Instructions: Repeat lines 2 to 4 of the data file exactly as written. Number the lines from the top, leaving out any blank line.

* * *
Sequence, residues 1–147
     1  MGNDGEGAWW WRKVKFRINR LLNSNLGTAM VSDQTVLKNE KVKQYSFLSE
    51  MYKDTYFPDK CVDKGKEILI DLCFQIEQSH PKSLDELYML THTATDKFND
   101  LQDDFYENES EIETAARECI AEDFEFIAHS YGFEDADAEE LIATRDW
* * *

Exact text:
     1  MGNDGEGAWW WRKVKFRINR LLNSNLGTAM VSDQTVLKNE KVKQYSFLSE
    51  MYKDTYFPDK CVDKGKEILI DLCFQIEQSH PKSLDELYML THTATDKFND
   101  LQDDFYENES EIETAARECI AEDFEFIAHS YGFEDADAEE LIATRDW